The book brings together the work of activists, artists, and academics, many of whom are current or former prisoners; it challenges hierarchies of expertise, presenting recollection, poetry, and theory as equally legitimate mediums for political critique.

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“Those Guys”

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At Seven Scribes, Hanif Willis-Abdurraqib interviews Mychal Denzel Smith about his new book, Invisible Man, Got The Whole World Watching. Among other things, they discuss black intersectionality, sneakers, and the problems with representing oneself as an “ally” in a public space:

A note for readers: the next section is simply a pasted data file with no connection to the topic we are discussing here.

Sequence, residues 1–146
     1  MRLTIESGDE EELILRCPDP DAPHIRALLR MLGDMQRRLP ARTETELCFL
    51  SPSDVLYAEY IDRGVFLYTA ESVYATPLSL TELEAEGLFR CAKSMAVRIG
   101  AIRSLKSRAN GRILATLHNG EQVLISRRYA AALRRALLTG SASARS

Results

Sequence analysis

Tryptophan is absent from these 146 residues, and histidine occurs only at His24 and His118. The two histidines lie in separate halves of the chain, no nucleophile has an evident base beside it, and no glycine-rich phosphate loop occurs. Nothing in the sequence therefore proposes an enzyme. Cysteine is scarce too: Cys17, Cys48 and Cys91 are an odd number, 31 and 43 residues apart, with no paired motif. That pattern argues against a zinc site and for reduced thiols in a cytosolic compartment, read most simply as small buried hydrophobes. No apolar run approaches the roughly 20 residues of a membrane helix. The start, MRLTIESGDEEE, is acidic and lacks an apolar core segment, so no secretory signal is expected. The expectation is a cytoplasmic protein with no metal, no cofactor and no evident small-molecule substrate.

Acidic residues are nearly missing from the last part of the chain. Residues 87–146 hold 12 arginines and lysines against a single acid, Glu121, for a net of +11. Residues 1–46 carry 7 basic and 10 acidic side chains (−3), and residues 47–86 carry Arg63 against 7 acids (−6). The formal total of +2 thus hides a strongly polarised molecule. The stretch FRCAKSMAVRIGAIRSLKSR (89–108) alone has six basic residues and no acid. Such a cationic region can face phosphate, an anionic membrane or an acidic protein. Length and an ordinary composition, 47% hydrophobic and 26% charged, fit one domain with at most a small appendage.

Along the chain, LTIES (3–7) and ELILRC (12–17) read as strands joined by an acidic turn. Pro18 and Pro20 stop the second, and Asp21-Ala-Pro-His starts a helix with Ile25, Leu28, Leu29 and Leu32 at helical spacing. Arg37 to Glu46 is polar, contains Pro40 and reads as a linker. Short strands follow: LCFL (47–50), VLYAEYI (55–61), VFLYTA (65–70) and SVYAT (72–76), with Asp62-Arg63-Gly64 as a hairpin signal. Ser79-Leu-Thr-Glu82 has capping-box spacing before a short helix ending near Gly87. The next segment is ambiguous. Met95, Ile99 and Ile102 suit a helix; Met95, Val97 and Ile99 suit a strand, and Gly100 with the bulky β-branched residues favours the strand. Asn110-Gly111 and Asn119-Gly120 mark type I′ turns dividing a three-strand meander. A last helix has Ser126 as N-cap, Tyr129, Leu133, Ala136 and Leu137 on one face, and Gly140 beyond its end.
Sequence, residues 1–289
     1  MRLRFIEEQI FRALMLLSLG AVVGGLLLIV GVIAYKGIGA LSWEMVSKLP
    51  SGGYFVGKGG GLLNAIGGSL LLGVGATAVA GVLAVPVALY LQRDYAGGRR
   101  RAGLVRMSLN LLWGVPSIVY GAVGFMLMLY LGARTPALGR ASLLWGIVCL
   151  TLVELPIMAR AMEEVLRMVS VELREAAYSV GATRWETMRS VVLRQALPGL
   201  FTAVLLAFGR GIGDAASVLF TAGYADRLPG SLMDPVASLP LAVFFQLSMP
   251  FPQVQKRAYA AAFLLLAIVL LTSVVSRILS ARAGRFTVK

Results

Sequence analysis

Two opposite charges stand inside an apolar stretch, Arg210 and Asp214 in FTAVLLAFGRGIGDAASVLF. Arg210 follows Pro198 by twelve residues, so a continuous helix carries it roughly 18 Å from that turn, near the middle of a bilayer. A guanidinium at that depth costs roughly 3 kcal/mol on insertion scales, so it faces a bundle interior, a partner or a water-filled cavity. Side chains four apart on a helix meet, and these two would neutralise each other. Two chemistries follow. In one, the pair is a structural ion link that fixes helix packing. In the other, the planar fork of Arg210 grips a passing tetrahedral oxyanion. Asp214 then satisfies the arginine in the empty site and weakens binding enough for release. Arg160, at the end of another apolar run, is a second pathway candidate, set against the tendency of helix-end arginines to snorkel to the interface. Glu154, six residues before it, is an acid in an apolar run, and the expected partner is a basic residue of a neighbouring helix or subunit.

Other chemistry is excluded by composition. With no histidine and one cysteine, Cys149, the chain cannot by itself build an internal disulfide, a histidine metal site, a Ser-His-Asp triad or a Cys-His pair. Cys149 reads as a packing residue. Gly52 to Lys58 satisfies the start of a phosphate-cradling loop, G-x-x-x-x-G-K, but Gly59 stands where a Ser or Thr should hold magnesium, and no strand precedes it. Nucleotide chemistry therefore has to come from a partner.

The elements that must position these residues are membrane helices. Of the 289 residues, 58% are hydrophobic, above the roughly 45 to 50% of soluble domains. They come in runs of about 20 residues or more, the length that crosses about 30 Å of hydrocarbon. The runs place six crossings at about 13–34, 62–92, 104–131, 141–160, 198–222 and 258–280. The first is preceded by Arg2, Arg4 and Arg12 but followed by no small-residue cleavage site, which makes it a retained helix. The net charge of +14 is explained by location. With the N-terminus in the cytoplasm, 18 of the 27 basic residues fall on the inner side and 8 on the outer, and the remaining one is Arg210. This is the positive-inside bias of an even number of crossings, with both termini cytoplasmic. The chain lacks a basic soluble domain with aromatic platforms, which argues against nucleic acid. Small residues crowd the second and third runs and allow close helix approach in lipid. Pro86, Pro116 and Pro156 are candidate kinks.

When opportunities come my way because I’ve written about queer theory, homophobia, or transphobia, and someone wants to interview ME about that, that’s a function of privilege.

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The Bible and Birdie Jean

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At twelve, my grandfather climbed into his Prayer Tower and said he’d die if he didn’t get $8 million; I was a gay kid living on a Pentecostal compound with an autographed photo of Ronald Reagan on my desk. At eighteen I left most of that behind, rarely looking back.

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National Amnesia

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Race is an important and central issue in the United States, but what about abroad?